For my money, though, the most important thing is to go back to first principles, and ask whether your resolutions are the right ones in the first place. When I ask people about the resolutions that fail, they often say that what seemed important in the abstract wasn’t really worth the effort. For instance, losing weight didn’t seem worth it if it meant forgoing family meals. In other words, people imagine the benefits of meeting a resolution without the costs of doing so; when the costs actually present themselves, the resolutions often fail the cost-benefit test, leading the resolutions to be abandoned.
To solve this problem, we need to ask what we are really trying to improve. In almost every case, it is happiness. Our failed resolutions are often attempts to gain happiness indirectly—like losing weight or exercising to become more attractive and, we hope, happier. Instead, we need resolutions that bring happiness directly, so the benefits outweigh the costs immediately.
Let me suggest two direct happiness resolutions for 2021: forgiveness and gratitude.
In this difficult period in our history, from the pandemic to the culture of political contempt, there is a lot of potential for bitterness in our lives. Open up social media and you will see nonstop Olympics-level grudge matches. Even worse, estrangement between family members is strikingly common; one study published in 2015—even before the polarizing political period following the 2016 U.S. presidential election—found that about 44 percent of people were estranged from at least one relative, nearly 17 percent from someone in their immediate family.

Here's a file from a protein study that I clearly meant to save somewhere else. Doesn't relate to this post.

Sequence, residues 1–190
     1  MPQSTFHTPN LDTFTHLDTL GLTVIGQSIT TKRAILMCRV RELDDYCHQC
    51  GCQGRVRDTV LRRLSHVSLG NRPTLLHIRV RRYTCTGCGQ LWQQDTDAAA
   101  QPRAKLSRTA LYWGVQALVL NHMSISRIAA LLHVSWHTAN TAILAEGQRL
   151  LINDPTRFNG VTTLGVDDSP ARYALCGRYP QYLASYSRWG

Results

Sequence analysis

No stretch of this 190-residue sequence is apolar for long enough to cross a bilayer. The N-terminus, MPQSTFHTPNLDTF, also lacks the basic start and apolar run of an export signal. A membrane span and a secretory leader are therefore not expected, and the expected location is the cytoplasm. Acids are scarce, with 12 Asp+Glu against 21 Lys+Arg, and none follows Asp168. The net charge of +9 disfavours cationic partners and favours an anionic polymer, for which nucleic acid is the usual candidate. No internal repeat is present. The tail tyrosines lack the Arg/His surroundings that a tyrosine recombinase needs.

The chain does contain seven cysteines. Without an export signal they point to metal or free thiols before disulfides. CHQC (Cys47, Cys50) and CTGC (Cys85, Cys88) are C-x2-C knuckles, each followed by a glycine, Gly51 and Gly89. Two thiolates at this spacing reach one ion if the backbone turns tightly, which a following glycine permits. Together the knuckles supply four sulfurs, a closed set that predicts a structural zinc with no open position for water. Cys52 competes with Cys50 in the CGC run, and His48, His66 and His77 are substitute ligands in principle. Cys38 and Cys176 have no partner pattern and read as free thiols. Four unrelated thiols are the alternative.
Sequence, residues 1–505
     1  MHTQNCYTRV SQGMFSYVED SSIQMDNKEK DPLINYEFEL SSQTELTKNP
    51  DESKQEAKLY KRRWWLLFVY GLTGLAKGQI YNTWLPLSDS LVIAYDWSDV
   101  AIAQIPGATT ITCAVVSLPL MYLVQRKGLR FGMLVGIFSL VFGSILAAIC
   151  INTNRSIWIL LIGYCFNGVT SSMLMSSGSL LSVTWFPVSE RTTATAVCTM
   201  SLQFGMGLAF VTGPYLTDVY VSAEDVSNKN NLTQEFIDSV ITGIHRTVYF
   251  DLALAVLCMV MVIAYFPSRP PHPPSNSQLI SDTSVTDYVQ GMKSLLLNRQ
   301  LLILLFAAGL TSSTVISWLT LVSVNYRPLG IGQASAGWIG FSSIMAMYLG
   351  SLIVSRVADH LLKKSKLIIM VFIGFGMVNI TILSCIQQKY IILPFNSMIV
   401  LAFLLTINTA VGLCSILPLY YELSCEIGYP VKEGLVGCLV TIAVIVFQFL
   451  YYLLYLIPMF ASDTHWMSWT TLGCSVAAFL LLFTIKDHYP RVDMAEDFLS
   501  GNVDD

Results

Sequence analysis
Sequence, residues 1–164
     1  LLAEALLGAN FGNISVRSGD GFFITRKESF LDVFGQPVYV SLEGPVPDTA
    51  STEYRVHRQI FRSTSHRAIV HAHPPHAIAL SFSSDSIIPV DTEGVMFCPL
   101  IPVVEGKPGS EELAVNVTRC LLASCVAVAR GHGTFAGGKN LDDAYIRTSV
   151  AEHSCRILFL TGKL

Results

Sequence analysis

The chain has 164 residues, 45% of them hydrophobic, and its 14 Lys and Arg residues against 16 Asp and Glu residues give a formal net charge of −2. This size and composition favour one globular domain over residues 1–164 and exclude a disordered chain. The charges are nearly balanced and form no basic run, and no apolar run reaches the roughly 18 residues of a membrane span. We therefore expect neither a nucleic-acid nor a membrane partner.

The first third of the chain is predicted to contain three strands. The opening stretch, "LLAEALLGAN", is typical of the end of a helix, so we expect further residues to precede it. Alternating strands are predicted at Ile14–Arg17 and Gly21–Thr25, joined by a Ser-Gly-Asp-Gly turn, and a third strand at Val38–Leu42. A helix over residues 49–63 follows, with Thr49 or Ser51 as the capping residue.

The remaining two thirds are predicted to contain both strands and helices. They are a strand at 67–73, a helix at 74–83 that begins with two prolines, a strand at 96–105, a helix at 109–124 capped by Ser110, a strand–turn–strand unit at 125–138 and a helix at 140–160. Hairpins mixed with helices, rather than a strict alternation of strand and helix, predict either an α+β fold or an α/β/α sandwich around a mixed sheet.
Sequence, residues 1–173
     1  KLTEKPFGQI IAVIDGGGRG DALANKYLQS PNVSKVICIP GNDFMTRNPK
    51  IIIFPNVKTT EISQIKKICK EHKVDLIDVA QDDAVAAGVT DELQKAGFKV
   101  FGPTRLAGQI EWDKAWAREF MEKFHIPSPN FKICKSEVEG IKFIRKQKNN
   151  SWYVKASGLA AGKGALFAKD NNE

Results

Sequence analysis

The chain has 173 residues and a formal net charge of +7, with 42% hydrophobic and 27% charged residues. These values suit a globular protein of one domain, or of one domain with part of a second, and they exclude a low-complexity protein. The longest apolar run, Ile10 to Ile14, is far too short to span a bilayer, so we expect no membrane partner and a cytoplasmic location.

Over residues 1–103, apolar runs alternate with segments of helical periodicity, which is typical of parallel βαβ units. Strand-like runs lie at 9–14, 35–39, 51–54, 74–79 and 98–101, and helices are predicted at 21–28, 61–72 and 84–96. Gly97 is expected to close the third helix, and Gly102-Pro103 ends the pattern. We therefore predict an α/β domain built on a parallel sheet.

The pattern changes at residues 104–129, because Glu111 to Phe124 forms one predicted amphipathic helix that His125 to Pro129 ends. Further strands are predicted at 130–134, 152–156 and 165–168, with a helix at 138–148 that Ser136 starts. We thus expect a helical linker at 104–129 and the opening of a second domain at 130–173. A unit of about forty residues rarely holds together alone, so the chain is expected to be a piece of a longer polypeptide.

One of the most frequent questions I get from readers is about how to deal with family conflict and estrangement. My answer is a New Year’s resolution to forgive. In experiments on forgiveness interventions—helping people forgive those who have harmed them—scholars have found clear evidence that forgiveness has direct happiness benefits. Forgiveness increases hope and self-esteem, while lowering anxiety and depression. This astounded me personally, but my wife found it blindingly obvious. “To refuse to forgive is to cling to something unpleasant,” she reminded me. “It is like hugging garbage.” I had to concede that it’s nice to let go of garbage.
Easy to say, hard to do, of course. One project to teach and foster forgiveness comes from the Templeton World Charity Foundation, which produces forgiveness workbooks for people in countries traumatized by violence and injustice. The process they recommend, using the mnemonic device REACH, is useful for all of us: (R) Recall the hurt; (E) Empathize with the offender; (A) Altruistic gift of forgiveness; (C) Commit; and (H) Hold on to forgiveness. You can run your own experiment on forgiveness and happiness by making a list of five people to forgive in the new year, and then using the REACH technique to do so in both word and deed.